1st Battalion - 32nd Inf Regiment
Hq, A,B,C,D, Sv - 7th Inf. Division
APO 7 - C/O Postmaster, San Francisco, Calif.

57th FA Bn - Hq, A,B, Battery*
7th Inf Division, APO 7
C/O Postmaster, San Francisco, Calif.

15th AAA-Aw, Bn - D-Battery
7th Inf Division, APO 7
C/O Postmaster, San Francisco, Calif.
*some unit numbers may follow, 57th=Unit 4, etc.

If your letters were returned and they had been addressed to any of the above after December 1950, you can be assured that there is a 98.9 percent certainty that they were with Task Force Mac Lean - Faith.

The 31st Tank and Service companies were not part of the latter Task Force Faith. These units cut off four miles behind the other forces. Lieutenant Colonel Faith assumed command of the task force on the death of Colonel Mac Lean; he then leading a heroic, but unsuccessful breakout from the Chosin Reservoir area. Don Faith also losing his life around Hill 1221.

To those of you that may have lost loved ones at Chosin; I wish to add that they met many, may challenges there, and in the end overwhelming and overpowering odds. With lack of ammo, food, medical supplies, of personal exhaustion, multi-wounds, through friendly fire, napalm drops and the withdrawal of their own rear guard; these men did the very best they could with what little they had. And like the military history of America, a combination of Valley Forge - the cold - and the Alamo - fighting a delaying action - five additional days for those forces at Hagaru-ri, they bought time for others.

In that respect we can be proud of these men whose remains lie around the base of Hill 1221.

Though lost to history for over 4 decades, your memory and love for them has kept thier memories alive, history however has severly neglected them. as your rememberance of their lives meshed with yours throgh the 2nd World War, these men then only in their teens, young and energetic, teen faces of memories, forever to remain young, sailing from ports in Seattle, with that standard band refrain; "Now is the hour, when we must say goodbye." Too few of us knew then, nor could we guess while the world was temporarily at peace that this would be a final farewell; that last hug or a kiss to family, friend, a wife, a son or daughter who made that trip to see these men off to Japan or Korea for a tour of occupational duty. There were no thoughts of a war stirring there, and least of all that some of these men would never return; that as they matured from teen adolescence into early manhood; they would be sacrificed in these mountains of North Korea, around a Hill numbered 1221.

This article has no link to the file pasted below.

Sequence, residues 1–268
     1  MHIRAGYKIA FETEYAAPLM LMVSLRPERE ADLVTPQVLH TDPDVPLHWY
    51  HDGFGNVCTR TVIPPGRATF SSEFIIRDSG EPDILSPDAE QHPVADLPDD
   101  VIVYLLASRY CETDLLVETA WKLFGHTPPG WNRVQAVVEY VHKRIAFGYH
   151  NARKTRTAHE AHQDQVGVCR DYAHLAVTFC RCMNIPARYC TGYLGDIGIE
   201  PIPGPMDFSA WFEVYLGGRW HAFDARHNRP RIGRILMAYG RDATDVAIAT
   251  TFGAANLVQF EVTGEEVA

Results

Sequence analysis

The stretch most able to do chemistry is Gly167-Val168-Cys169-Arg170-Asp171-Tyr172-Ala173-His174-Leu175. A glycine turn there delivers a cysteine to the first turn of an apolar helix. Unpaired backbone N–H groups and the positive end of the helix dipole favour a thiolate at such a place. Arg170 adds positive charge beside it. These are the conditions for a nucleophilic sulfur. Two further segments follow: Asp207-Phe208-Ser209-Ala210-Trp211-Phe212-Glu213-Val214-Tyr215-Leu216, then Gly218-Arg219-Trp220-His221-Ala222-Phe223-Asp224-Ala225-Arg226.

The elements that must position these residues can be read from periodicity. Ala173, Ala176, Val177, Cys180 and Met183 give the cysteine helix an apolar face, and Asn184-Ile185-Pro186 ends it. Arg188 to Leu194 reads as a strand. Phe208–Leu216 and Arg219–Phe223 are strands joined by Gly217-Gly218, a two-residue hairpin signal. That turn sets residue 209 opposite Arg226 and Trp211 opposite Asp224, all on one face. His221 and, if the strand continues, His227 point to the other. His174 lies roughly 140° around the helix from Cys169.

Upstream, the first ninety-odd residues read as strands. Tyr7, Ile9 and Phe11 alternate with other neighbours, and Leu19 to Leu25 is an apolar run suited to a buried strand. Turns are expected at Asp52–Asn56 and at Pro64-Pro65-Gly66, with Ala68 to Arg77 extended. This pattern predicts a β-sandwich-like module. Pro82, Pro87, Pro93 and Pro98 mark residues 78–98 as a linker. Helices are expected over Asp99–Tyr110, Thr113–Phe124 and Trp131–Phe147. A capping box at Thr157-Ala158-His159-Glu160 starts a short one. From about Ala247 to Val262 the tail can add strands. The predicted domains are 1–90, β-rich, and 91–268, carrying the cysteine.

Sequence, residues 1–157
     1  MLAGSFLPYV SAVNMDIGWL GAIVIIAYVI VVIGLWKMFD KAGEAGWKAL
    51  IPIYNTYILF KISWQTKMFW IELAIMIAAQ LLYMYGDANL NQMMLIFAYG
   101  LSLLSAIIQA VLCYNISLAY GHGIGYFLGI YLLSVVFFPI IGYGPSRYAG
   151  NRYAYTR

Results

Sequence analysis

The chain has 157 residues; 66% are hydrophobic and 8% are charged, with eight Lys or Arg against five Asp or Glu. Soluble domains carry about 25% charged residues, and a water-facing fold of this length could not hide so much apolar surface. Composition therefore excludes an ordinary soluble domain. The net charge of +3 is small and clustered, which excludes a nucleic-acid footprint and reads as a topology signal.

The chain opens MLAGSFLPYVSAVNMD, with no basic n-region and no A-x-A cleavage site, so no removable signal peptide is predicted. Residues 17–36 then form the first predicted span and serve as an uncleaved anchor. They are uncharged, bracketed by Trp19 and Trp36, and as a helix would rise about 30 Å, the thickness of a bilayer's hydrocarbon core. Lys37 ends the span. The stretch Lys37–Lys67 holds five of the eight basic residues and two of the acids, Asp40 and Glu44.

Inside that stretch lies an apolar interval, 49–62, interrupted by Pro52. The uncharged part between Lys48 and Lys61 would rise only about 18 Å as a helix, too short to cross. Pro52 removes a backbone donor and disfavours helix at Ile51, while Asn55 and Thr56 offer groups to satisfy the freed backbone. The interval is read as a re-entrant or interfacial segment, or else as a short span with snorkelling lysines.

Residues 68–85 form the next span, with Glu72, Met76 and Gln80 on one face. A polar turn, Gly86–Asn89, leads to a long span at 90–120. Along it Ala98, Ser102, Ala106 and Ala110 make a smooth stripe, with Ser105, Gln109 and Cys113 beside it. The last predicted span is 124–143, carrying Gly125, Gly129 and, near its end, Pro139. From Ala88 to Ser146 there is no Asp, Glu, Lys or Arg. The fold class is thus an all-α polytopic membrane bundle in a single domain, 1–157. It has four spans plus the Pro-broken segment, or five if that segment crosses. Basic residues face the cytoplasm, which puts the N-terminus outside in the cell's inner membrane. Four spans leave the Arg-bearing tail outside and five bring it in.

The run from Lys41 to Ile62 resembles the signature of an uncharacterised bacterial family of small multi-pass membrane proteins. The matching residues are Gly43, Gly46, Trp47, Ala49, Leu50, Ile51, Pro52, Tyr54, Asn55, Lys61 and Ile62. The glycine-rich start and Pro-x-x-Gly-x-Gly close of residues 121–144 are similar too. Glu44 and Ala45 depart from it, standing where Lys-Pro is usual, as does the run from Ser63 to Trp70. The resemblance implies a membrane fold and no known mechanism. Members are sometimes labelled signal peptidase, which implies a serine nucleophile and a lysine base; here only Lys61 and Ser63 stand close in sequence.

The reference to a Phantom Force will become known in time. From a list I have of 844 casualties: by date:

11/28/50 - 77
11/29/50 - 48
11/30/50 - 82
12/1/50 - 114
12/2/50 - 333
12/3/50 - 58
12/4/50 - 9
12/5/50 - 4
12/6/50* - 119

*Of special note: those KIA'S or MIA'S on December 6, 1950. Of these 119 men; 111 of these men are exclusively from the 57th Field Artillery Battalion. That date only for some closure, it can be justifiably assumed that those men were casualties also created on December 1 and 2, at that final roadblock at Hudong-ni. The 57th Field artillery - my outfit - being officially disbanded on this date!

By rank above Corporal:
Colonel - 1 (Mac Lean)
Lt Colonel - 1 (Faith)
Major - 6
Captain - 17
1st Lt - 26
MSgt - 33
SFC - 55
Sgt/Staff - 160

American's - 1,777
ROK's - 875

This force will be hit by two divisions of Chinese, (20,000 men) the ensuing battle will be fought between November 28th - December 2nd. Casualties drifting into Hagaru-ri for four additional days beyond. But destruction was total due to lack of ammo, leadership killed and other obstacles placed in our path.

In Washington DC, behind the Korean War memorial is a permanent Kiosk computer system established to provide information on those killed or Missing In Action in Korea. When visiting the memorial one may check on loved ones an/or friends reported killed or missing. You will also be allowed to up grade any information you may have.

One of the most important pieces of information which sould be added to the update should be the designation of the unit that soldier served with. This is critical information to others searching those files - other service members. If you have any updated information of a loved one, please add it to the files. Please honor that man by adding a photo to the read out sheet certificate you will recieve.

You may obtain one by mail as well, request that update form at that time.

You have several choices:
Records Correction - Records Additions
Photos added, (Photos cannot be returned)

You may obtain additional information by writing to:
American Battle Monuments Commission
RE: Korean War Memorial
Courthouse Plaza II, Suite 500
2300 Clarendon Boulevard
Arlington, VA 22201

For faster service:
Telephone: (703) 696-6897
Fax: (703) 696-6666

Please note: When William and I visited the Korean War Memorial, 6/7/2000. The Kiosk was closed.

Also, stop in the Lincoln Memorial. At the top of the stairs, facing the statue of Lincoln, to the right is a small store with items on The Korean War and the Memorial!

Copyright (C) 2000, by Raymond C. Vallowe